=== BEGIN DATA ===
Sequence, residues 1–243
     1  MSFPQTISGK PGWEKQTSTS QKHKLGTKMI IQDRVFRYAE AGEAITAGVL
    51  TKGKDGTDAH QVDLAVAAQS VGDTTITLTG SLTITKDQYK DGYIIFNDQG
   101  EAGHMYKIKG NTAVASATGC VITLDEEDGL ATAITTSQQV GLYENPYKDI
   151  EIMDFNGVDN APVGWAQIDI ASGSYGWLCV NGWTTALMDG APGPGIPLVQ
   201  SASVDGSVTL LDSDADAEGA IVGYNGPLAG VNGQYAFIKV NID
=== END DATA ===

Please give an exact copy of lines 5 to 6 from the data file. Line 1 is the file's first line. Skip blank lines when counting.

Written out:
   151  EIMDFNGVDN APVGWAQIDI ASGSYGWLCV NGWTTALMDG APGPGIPLVQ
   201  SASVDGSVTL LDSDADAEGA IVGYNGPLAG VNGQYAFIKV NID